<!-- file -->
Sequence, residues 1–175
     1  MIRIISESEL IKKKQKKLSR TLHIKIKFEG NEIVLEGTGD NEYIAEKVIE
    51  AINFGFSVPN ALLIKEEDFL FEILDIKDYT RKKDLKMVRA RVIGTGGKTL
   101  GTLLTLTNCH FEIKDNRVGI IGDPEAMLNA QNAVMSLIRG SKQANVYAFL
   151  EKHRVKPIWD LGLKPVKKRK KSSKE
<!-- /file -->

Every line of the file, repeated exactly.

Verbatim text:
Sequence, residues 1–175
     1  MIRIISESEL IKKKQKKLSR TLHIKIKFEG NEIVLEGTGD NEYIAEKVIE
    51  AINFGFSVPN ALLIKEEDFL FEILDIKDYT RKKDLKMVRA RVIGTGGKTL
   101  GTLLTLTNCH FEIKDNRVGI IGDPEAMLNA QNAVMSLIRG SKQANVYAFL
   151  EKHRVKPIWD LGLKPVKKRK KSSKE